ʿⱦapp’s Phlebotomy Program applies for, receives first accreditation

ʿⱦapp’s Phlebotomy Program recently applied for and received its first accreditation from the American Society of Phlebotomy Technicians.

“To be accredited means your standards are of a higher quality,” said Dr. Jean D. Brown, director and clinical coordinator of Allied Health at ʿⱦapp. “We had to show proficiency in several areas. People can see ʿⱦapp has a high-quality Continuing Education Phlebotomy Program.”

The accrediting body examined lesson plans, instructors’ certifications, and 21 competencies in the “order of draw,” which is ensuring students are taking the necessary steps in the correct order when drawing blood, among other standards in the program.  

Instructor Dr. Tammy Kincy, Instructor Griselle Guzman, Program Assistant/Specialist Clara Hawley, Program Coordinator and Lab Assistant Gbemisola "Sola" Matthew and Brown comprised the five-person team that navigated the accreditation process.  

Brown also credited Health and Wellness Dean Melissa O. Ockert for supporting efforts to achieve accreditation status.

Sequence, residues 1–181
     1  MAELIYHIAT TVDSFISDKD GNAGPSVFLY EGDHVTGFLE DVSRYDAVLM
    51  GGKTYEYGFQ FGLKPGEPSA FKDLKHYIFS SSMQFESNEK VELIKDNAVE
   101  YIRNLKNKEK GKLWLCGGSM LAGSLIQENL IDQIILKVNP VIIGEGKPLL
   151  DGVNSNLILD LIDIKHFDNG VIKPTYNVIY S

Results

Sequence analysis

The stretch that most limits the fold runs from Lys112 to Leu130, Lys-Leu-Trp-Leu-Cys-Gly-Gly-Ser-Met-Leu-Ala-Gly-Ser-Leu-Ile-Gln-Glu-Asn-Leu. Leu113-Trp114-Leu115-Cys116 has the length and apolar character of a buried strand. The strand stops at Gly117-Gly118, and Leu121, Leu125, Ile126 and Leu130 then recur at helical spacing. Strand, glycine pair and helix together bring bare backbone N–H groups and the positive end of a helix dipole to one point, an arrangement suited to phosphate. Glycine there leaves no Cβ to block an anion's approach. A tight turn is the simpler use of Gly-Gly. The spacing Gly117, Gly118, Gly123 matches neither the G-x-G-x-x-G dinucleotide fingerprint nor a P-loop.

“For students, going through an accredited program shows they are familiar with trends and best practices in the health care market, that they are knowledgeable about current standards,” Brown said. “It helps make them more marketable to employers, as well, and helps them earn a livable wage.”

Pay can range from $42,000 to $48,000 a year. Getting phlebotomy certification can also help workers such as nurse’s aides increase their earning potential. Trained phlebotomists have the opportunity for careers with companies such as LabCorp and hospitals or receive additional training to do patient care.  

Matthew, the accreditation team member and former student in the program, said she found the program challenging, but support from faculty and staff helped master the knowledge she needed.  

“The Phlebotomy Program is exciting for individuals with a passion for caring for and saving people,” she said. “To be a phlebotomist, one must have enough confidence. Without confidence, I do not think being a phlebotomist is the right choice for a person. My instructors helped me gain that confidence to enter this profession.”

Matthew encouraged those interested in a career in phlebotomy to look into the program.  

“Having the determination of heart matters and aiming at one's goal makes one achieve one's aim in life with God,” she said.

Brown said she is immensely proud of students like Matthew who have completed the program and thrilled that new students can say they now are part of an accredited program.

“We’re excited about this,” Brown said. “We wanted to make sure our program meets the highest quality education standards and this shows it does.”